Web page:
Lookup tables

Prerequisites

Before starting this lesson, you should be familiar with:

Learning Objectives

After completing this lesson, learners should be able to:
  • Understand how the numerical values in an image are transformed into colourful images.

  • Understand what a lookup table (LUT) is and how to adjust it.

  • Appreciate that choosing the correct LUT is a very serious responsibility when preparing images for a talk or publication.

Motivation

Images are a collection of a lot (millions) of values, which is information that is hard to process for our human brains. Thus, one typically assigns a color to each distinct value, by means of a lookup table (LUT). There is no fix recipe for how to adjust this mapping from numbers to colors. It is easy to chose a mapping that hides certain information in an image, while emphasising other information. Thus, configuring this mapping properly is a great responsibility that scientists have to take on when presenting their image data.

Concept map

graph TD V("Pixel value") --> L("Lookup table (LUT)") L --> |does not change|V L --> C("Color & Brightness") L --> A("Adjustable")



Figure


Left: Image displayed with a grey LUT and the color mapping as an inset. Right: Image shown with several different LUTs.



Activities

Explore LUTs


Show activity for:  

ImageJ GUI

  • Open an image
  • Change the contrast settings
    • [ Image › Adjust › Brightness/Contrast… ]
    • Explore different min and max values
    • Appreciate that at certain settings a very dim nucleus becomes visible
    • Check that the pixel values did not change
    • Never click [ Apply ]
  • Explore various single color LUTs, e.g.
    • [ Image › Lookup Tables › Green ]
    • [ Image › Lookup Tables › Blue ]
    • [ Image › Lookup Tables › Red ]
      • Avoid red! 15% of males cannot see anything here!
      • Magenta can be a better alternative.
  • Explore various multi color LUTs, e.g.
    • [ Image › Lookup Tables › Fire ]
      • Good for this high-dynamic range image
    • [ Image › Lookup Tables › HiLo ]
      • Good to see extreme values
  • Show the LUT
    • Especially useful for multi-color LUTs
    • [ Analyze › Tools › Calibration Bar… ]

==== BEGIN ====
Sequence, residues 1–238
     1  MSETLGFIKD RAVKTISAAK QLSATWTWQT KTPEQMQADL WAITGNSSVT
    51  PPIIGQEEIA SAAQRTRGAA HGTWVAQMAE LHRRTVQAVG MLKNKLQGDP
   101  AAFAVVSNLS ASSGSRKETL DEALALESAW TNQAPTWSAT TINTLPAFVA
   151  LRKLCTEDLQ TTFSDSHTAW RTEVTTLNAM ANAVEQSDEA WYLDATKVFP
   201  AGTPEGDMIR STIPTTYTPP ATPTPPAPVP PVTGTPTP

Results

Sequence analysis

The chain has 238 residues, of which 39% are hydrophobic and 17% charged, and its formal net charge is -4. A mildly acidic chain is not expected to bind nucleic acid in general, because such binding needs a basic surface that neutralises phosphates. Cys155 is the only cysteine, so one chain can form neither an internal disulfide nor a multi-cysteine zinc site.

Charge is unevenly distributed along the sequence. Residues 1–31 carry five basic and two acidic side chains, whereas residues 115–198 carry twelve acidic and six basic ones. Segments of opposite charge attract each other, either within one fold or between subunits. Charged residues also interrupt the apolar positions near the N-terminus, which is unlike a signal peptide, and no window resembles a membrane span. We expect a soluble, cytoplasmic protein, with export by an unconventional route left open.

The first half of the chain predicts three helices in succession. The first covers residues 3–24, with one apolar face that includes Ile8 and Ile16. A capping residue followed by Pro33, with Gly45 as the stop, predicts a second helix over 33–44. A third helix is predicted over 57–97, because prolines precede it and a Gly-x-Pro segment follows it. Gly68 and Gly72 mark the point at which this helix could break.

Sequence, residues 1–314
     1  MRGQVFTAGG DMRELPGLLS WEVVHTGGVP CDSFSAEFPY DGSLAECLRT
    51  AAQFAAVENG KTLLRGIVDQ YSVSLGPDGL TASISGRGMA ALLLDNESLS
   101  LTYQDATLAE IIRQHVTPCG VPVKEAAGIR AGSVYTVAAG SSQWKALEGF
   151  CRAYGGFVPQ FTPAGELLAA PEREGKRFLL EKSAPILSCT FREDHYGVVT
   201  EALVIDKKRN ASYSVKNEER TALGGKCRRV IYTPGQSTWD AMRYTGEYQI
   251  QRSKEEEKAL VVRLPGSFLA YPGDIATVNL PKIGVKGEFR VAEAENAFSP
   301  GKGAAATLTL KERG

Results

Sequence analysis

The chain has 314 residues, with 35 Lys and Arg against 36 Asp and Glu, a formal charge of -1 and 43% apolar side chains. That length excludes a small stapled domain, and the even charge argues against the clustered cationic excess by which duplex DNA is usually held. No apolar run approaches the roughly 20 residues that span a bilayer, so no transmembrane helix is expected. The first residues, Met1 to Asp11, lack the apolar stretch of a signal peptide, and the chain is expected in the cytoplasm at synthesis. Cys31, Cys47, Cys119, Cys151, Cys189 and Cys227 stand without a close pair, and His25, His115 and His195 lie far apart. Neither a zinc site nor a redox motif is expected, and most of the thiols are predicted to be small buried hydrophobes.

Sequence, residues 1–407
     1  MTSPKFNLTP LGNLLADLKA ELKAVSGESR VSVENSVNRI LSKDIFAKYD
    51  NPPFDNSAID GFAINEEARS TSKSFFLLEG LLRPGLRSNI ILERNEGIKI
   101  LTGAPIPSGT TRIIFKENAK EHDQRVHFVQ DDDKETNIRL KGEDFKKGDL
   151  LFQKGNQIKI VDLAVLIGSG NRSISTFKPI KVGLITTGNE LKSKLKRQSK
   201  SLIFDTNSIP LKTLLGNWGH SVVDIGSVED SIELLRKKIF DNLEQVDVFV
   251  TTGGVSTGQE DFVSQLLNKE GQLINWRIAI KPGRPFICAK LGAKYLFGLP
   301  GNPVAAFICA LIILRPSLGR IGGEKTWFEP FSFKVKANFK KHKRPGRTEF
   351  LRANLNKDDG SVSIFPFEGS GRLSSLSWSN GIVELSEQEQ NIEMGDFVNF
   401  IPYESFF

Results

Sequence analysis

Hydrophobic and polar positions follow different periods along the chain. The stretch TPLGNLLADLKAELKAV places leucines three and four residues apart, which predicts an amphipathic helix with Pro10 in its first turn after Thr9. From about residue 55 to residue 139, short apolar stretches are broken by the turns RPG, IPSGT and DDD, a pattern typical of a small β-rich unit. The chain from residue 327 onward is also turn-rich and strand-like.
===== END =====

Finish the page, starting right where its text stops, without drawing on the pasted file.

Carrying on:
• Explore the various settings

ImageJ Macro

// File › Close All
run("Close All");

// File › Open...
open("https://github.com/NEUBIAS/training-resources/raw/master/image_data/xy_8bit__nuclei_high_dynamic_range.tif");

// Image › Rename...
rename("gray_0_255"); 

// Analyze › Tools › Calibration Bar...
run("Calibration Bar...", "location=[Upper Left] fill=None label=White number=5 decimal=0 font=5 zoom=0.7 overlay");

// Image › Duplicate...
run("Duplicate...", "title=gray_0_43");

// Image › Adjust › Brightness/Contrast..
setMinAndMax(0, 43);

run("Calibration Bar...", "location=[Upper Left] fill=None label=White number=5 decimal=0 font=5 zoom=0.7 overlay");
run("Duplicate...", "title=blue_0_255");
run("Blue");
setMinAndMax(0, 255);

run("Calibration Bar...", "location=[Upper Left] fill=None label=White number=5 decimal=0 font=5 zoom=0.7 overlay");
run("Duplicate...", "title=fire_0_255");
run("Fire");

run("Calibration Bar...", "location=[Upper Left] fill=None label=White number=5 decimal=0 font=5 zoom=0.7 overlay");
run("Duplicate...", "title=hilo_0_255");
run("HiLo");

run("Calibration Bar...", "location=[Upper Left] fill=None label=White number=5 decimal=0 font=5 zoom=0.7 overlay");
run("Duplicate...", "title=hilo_20_100");
setMinAndMax(20, 100);

run("Calibration Bar...", "location=[Upper Left] fill=None label=White number=5 decimal=0 font=5 zoom=0.7 overlay");
run("Tile");

skimage napari

# %% [markdown]
# # Explore LUTs

# %%
# Instantiate the napari viewer
import napari
viewer = napari.Viewer()

# %%
# Read the image
from OpenIJTIFF import open_ij_tiff
image, axes, scales, units = open_ij_tiff('https://github.com/NEUBIAS/training-resources/raw/master/image_data/xy_8bit__nuclei_high_dynamic_range.tif')

# %% [markdown]
# ### Napari GUI alternative to load data
# Drag and drop and rename the layer (alternative for loading data)\
# Change name of layer `viewer.layers[0].name = 'image_grayscale'` \
# Get the data as numpy array `image = viewer.layers['image_grayscale'].data` 

# %%
# Check image type and values
import numpy as np
print(image.dtype, np.min(image), np.max(image))

# %%
# View the intensity image as grayscale
viewer.add_image(image, name='image_grayscale', colormap='gray')

# %%
# Change brightness and contrast
viewer.layers['image_grayscale'].contrast_limits=(100, 175)

# %% [markdown]
# **Napari GUI** explore different contrast limits

# %%
# View the intensity image as grayscale
viewer.add_image(image, name='image_grayscale2', colormap='gray')

# %% [markdown]
# **Napari GUI** visualize images side by side\
# **Napari GUI** change brightness and contrast to visualize dim nuclei

# %%
# Check available colormap
print(list(napari.utils.colormaps.AVAILABLE_COLORMAPS))

# %%
# Change colormap
viewer.add_image(image, name='image_turbo', colormap='turbo')

# %% [markdown]
# **Napari GUI** explore different LUTs

# %%
# Extract image data from the layers
image_grayscale = viewer.layers['image_grayscale'].data
image_grayscale2 = viewer.layers['image_grayscale2'].data

# %%
# Compare raw data
print(image_grayscale[0:5,0:5])
print(image_grayscale2[0:5,0:5])
print((image_grayscale == image_grayscale2).all())



Display several images with same LUT settings

Display image sets with the same gray scale LUT and the same contrast settings. Visualise the LUT as an inset in both images (you may also attempt to visualise the LUT only once outside the images). This is what one typically should do for a presentation or publication for data that were acquired with the same microscope settings.